You’ve probably seen “Instagram models” promoting “fitness” or “detox” tea all over your feed. Thigh gaps here, big booties there, ab cracks everywhere!
Is it then not surprising that at least 30 million people in the United States, of all genders, suffer from some sort of eating disorder?
Yeah, not surprising at all.
Today we are bringing a whole new topic to the podcast with my new soul sister and inspirational counselor, Andrea Wachter. Andrea is the author of The Don’t Diet, Live-It Workbook and Mirror, Mirror on the Wall: Breaking the “I Feel Fat” Spell so you can identify disordered behaviors in our loved ones and ourselves.
Here’s What We Talked About:
- Understanding the roots of eating disorders in teens and how to prevent your teen or yourself from catching the “I feel fat spell”.
- How to recognize the top,very vivid, behavioral patterns in teens and how taking responsibility can change their life for the better.
- Why your best life is in the present moment and how to catch yourself in the present to create a healthy relationship with your body.
Catching The “I Feel Fat Spell”:
The biggest root of eating and body image disorders is cultural and (you guessed it) media.
Instagram isn’t really helping alleviate this issue #fitspo.
We have all had our natural relationship with our body, food, and movement taken away from us because the culture has sooooo many rules on how we should look like, feel like, and what we should be eating. Sister, you know what I am talking about.
We’ve all felt “not enough” at least once in our lives.
(If you are ready to start loving yourself and end your negative self-talk, check out Ep #150 Overcoming Judgment and Radical Self Love).
Andrea calls this “catching the spell” and we catch this spell from the cultural messages regarding perfect bodies and perfect diets. And the culture doesn’t only send you one message, but it is constantly sending these messages.
Additionally, we get these messages from family members and friends who also received the same messages from the culture.
A mom that is dieting, a dad that is overeating, aunt Susie that just has to drop comments at every family gathering (yes, I am still single aunt Susie).
We get it from the culture, our friends, our families, coaches, etc…
The culture spreads it around like mono on a college campus. It’s everywhere.
Sister, we are all different breeds. We all have different levels of sensitivity. A lot of us that suffer from body image issues just happen to be born a very sensitive breed and maybe are a little more sensitive to criticism and praise than others.
We take things differently and this affects how we eat, feel, and connect with people and this makes it very difficult to know how our comments are affecting others. We don’t see their suffering so we don’t think there is a problem.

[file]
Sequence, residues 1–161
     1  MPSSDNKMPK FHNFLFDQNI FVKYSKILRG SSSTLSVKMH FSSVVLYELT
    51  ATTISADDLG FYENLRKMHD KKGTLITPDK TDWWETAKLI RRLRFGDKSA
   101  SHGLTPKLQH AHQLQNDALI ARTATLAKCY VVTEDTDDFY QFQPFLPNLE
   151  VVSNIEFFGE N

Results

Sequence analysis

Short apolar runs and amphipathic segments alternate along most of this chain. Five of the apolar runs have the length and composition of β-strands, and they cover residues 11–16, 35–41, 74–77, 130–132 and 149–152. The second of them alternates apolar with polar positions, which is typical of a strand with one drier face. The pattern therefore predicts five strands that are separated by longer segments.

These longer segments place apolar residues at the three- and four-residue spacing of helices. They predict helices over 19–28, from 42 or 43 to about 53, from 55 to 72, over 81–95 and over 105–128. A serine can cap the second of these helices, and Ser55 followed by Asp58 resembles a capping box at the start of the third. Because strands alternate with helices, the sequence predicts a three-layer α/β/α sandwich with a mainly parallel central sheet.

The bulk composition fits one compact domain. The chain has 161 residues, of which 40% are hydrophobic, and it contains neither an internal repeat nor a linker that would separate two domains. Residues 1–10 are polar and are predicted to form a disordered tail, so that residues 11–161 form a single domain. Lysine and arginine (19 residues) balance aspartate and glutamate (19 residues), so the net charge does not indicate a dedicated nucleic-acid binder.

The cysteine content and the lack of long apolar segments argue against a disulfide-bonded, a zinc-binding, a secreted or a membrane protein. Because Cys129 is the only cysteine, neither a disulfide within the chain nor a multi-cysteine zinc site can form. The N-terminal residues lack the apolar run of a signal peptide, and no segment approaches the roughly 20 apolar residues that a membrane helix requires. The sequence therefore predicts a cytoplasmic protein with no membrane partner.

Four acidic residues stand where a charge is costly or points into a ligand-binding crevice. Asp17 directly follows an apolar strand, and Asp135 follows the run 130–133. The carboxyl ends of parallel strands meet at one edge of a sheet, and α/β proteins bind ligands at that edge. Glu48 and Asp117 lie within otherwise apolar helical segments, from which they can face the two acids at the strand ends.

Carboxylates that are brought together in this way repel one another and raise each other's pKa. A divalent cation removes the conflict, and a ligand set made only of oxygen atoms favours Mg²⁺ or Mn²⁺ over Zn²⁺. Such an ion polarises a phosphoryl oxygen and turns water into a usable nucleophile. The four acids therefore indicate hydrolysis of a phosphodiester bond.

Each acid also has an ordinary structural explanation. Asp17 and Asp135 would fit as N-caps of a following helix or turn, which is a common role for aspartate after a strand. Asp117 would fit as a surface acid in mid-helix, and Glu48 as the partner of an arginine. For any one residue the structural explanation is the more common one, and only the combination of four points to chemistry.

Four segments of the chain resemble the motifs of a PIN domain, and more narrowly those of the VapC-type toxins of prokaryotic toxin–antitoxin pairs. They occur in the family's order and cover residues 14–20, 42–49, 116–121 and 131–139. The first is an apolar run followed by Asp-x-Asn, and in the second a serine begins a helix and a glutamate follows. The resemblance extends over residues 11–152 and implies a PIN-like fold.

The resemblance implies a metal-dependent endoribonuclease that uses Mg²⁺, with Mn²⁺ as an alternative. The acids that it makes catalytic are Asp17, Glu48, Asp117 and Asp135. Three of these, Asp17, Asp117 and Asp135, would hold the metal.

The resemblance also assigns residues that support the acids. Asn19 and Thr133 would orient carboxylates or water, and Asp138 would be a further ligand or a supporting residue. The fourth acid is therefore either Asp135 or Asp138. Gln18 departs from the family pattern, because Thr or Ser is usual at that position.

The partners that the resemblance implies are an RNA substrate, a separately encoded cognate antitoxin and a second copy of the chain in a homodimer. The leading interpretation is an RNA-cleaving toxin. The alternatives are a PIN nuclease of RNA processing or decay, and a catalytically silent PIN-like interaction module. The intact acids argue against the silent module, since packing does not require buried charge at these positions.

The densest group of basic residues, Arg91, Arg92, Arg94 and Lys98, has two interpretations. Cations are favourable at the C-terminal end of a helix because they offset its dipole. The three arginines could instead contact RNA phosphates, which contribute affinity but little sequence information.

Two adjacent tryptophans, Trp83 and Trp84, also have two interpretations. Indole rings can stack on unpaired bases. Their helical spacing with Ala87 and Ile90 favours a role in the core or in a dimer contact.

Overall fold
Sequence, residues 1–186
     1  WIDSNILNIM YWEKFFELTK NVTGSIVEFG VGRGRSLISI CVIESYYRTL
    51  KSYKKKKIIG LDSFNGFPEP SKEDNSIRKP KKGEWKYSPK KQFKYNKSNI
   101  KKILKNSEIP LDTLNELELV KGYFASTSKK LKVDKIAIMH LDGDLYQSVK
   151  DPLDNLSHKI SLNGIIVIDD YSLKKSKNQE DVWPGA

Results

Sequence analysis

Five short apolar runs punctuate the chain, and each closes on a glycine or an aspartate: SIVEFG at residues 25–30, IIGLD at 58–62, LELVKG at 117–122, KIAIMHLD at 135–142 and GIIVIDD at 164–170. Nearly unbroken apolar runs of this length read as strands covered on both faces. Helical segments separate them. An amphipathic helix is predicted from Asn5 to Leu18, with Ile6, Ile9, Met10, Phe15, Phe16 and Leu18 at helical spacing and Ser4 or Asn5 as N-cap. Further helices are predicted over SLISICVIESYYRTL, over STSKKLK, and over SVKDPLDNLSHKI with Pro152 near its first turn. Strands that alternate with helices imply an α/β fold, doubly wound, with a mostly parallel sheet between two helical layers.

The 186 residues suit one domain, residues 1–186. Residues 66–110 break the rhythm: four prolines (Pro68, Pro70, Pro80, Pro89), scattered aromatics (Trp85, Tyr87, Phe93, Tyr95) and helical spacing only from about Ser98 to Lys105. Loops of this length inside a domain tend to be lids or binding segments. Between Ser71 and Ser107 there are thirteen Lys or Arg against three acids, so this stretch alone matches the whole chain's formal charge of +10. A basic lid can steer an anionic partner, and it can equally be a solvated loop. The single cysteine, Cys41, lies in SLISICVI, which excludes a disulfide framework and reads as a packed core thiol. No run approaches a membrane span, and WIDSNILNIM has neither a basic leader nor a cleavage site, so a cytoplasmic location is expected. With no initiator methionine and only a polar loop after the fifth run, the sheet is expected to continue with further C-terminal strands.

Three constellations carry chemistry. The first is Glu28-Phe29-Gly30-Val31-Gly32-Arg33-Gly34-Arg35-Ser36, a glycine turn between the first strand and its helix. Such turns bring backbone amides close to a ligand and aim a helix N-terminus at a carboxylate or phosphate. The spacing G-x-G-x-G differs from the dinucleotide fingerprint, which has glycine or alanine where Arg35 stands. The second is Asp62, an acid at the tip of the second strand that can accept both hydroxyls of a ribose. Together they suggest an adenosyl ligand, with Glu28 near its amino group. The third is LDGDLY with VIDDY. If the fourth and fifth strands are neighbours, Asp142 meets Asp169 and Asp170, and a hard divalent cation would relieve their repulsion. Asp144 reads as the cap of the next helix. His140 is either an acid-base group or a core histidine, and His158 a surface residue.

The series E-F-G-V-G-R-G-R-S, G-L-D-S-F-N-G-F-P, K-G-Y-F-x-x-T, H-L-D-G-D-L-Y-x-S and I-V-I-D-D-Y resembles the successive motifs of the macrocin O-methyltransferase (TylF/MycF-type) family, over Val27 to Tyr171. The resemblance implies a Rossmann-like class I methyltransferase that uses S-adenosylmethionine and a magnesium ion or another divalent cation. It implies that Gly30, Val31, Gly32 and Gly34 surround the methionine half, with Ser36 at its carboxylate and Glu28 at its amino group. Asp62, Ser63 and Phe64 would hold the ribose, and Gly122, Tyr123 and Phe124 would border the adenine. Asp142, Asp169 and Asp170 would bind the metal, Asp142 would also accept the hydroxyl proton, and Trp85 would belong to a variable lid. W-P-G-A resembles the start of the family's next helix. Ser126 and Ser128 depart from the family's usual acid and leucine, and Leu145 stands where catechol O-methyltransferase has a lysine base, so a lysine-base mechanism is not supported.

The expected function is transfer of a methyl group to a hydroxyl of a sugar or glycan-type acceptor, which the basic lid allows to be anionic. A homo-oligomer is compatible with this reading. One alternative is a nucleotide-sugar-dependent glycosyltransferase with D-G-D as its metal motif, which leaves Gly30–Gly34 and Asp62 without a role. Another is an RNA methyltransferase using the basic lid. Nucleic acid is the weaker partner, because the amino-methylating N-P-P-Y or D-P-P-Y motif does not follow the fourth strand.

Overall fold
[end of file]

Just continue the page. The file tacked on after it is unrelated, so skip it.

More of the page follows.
Pay Attention to the Patterns:
Does your teenage daughter show signs of disordered body image?
Here is how to spot the symptoms:
- Negative self-talk.
- Changing how they act around their bodies.
- Changing their behaviors around food.
- Extreme behaviors with exercise.
There is no set look to an eating or a body image disorder and this makes figuring out whether a loved one needs help and is going through a rough time.
Healthy and unhealthy look different on everyone. There is no set weight for an eating disorder and some the healthiest looking of us may be struggling with an eating disorder or negative self image.
It has nothing to do with our weight but our relationship with food. If a teen has talked at all, negatively, about their body or food, we can use their language to address the issue and if they are open to talking about their struggle.
It really starts with us as an example. We can take the responsibility to have this very important conversation.
But how do we actually have this talk? We use their language. "I noticed you ________ and you've been calling yourself_______. Would you be comfortable talking about _________?"
You can relate to them and let them know about your own struggle, not too detailed, but enough to let them know they are safe having this conversation.
How to Nip These Habits in Your Daily life so Your Teenagers Don’t Pick Up on Them:
We often live in our heads. We are thinking about the future or we are thinking about the past. When we have a healthy relationship with our bodies, we spend more time in the present and our mind is silent.
It seem simple but it’s difficult to achieve, it is so easy to just get lost in our minds. Catching ourselves in the present moment, here and there, just beginning to catch ourselves in the present moment.
It also looks like treating our bodies like we would somebody we love.
We wouldn’t starve somebody we love and we wouldn’t call someone we love fat, right? Seeing ourselves as a loved one shifts our attitude toward our body toward positivity.
Looking at ourselves with kinder eyes and asking ourselves what we need is so counterintuitive to us in the culture that we live in.
But if we can spread the love we have for others or hobbies, or whatever it is we love (coffee), we can bypass the mind and create a feeling of love for ourselves from the inside.
It is rare and radical to find somebody that LOVES their body. Culturally, we are immersed and we to fit in, we engage in fat chat. In this culture, loving ourselves is radical. Be rebellious!
Sister, if you are struggling to train your mind on the way to your transformation and do not ever want to exhaust your mind and body with another diet, then checkout The Sexyfit Method
for real results that will keep you happy and full with real foods.